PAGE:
Dr Carlson was born in Minneapolis on 25th March 1897. He had a difficult birth and in his own words was "a victim of spastic and athetoid paralysis". He recalled how his neighbours looked pityingly on him, wanting to know what was wrong with him. His mother used a stock reply, saying that he was "just born that way". This is the title of his autobiography. Earl Carlson, Born That Way, (Evesham: Arthur James, 1952). 
 
Education was an important part of Dr Carlson’s life and his mother fought to get him into a school rather than an institution. He started school at eight years of age and although he faced many difficulties throughout his life he overcame these. He graduated from Yale Medical School and became a Doctor with an international reputation. 
 
As well as a great love of reading Earl Carlson had an interest in science and ‘secretly dreamed of becoming an engineer or an inventor’. His heroes were famous inventors and engineers Thomas Edison and Charles Proteus Steinmetz. He wrote to them about his ambitions and received replies which inspired him. He was particularly inspired by Steinmetz, who was disabled, and reasoned that if someone like Steinmetz ‘could win recognition as an electrical wizard’ then there was hope for him to realise his dreams. 
 
It was when Earl Carlson was employed in Princeton University that he took an interest in biology and decided on a career in medicine. A fall on the ice and subsequent ‘rescue’ by Bud Stillman was to have far reaching consequences for Carlson.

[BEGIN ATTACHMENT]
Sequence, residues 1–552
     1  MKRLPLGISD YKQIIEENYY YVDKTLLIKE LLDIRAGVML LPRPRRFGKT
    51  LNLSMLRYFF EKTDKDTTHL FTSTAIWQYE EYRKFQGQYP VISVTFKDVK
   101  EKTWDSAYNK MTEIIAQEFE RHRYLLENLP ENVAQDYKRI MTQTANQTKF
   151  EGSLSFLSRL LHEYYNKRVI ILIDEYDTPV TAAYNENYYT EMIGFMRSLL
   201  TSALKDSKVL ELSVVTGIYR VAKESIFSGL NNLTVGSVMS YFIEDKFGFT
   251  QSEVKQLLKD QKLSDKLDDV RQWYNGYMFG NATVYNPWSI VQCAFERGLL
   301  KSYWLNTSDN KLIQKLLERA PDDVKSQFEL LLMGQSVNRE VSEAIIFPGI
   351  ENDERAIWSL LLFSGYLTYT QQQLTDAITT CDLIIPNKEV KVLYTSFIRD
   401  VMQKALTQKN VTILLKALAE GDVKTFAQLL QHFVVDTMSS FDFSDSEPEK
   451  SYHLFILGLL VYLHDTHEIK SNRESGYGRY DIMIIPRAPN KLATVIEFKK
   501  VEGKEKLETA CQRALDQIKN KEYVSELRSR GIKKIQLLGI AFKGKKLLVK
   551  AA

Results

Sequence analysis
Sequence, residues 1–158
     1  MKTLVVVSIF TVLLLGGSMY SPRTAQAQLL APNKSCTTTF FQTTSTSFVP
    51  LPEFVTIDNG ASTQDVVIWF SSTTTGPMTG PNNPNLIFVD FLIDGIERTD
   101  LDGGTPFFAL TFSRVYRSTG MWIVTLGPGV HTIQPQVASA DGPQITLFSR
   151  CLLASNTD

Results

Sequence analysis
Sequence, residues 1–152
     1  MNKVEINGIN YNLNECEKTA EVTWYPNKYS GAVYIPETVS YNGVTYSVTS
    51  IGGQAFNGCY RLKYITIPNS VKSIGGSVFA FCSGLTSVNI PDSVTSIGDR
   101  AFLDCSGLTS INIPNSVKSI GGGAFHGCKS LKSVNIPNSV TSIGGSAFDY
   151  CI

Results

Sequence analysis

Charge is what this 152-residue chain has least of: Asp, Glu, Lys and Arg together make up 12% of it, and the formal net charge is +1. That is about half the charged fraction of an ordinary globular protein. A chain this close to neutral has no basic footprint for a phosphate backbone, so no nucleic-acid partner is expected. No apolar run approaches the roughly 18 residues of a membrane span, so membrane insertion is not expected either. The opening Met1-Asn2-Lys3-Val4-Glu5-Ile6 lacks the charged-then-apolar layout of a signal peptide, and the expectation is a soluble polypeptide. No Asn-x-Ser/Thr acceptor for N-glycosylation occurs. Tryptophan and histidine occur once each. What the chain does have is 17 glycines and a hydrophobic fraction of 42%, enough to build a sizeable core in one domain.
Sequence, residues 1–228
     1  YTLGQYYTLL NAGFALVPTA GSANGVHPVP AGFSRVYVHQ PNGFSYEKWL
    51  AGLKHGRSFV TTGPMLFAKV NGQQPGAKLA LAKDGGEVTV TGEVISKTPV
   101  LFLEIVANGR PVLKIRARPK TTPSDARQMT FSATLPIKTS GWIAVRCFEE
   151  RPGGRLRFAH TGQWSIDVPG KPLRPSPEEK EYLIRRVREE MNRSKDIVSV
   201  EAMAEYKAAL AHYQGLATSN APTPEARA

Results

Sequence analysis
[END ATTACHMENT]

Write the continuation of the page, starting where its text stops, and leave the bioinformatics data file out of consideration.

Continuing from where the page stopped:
Dr Earl Carlson (Source: Cerebral Palsy Midlands) 

If anyone had told me then that the Stillman family would one day play an extremely important part in my life, I should have thought him mad. It certainly was improbable that the paths of a Minneapolis labourer's son and of a New York banker's son should cross, and that two people of such different backgrounds should become friends. 
 
Bud Stillman was the son of a wealthy New York family whose parents unselfishly supported Carlson financially and as a ‘family member’ in order for him to pursue his medical studies. 
 
Earl Carlson believed that all children had the right to an education, including those with cerebral palsy. He was one of the founder members of the American Academy for Cerebral Palsy and Developmental Medicine which you can read about by following this link. 
 
He was commissioned by the New Zealand Government to ‘survey the problem of cerebral palsy’ in New Zealand. In March 1948, he toured the country giving public addresses to the medical profession, educationalists, occupational therapists, physiotherapists, speech therapists, social workers, and parents of cerebral palsied children and many others who had an interest in this field. 
 
These are a few press cuttings from his tour of New Zealand which was reported on extensively in the New Zealand press. They are taken from a scrap book held at Cerebral Palsy Midlands. 
Southern Cross (Undated) 
Dunedin Star 13th March 1948 
Otago Daily Times 13th March 1948 
It was through Dr Carlson’s international reputation that he came to the attention of Paul Cadbury, one of the founder members of West Midland Spastic Association and Carlson House School. Cerebral Palsy Midlands have copies of his book Born That Way translated into many different languages, as you can see. 
If you would like find out more about Dr Carlson, please email CPM Development Ofifcer Sarah Lilly sarah@cpmids.org.uk. 
Extracts from the autobiography of Earl Carlson, Born That Way, (Evesham: Arthur James, 1952) have been used in order to write this blog post. 
 
Written by Teresa Hillier 
PhD student at Swansea University 
Share this post:

Leave a comment: 

On 17th May 2017 at 14:18, pamela young wrote:
I take care of a lady 11yrs 7 days a week she met this doc as a child she would like you to communicate with her email patsy68@comcast.net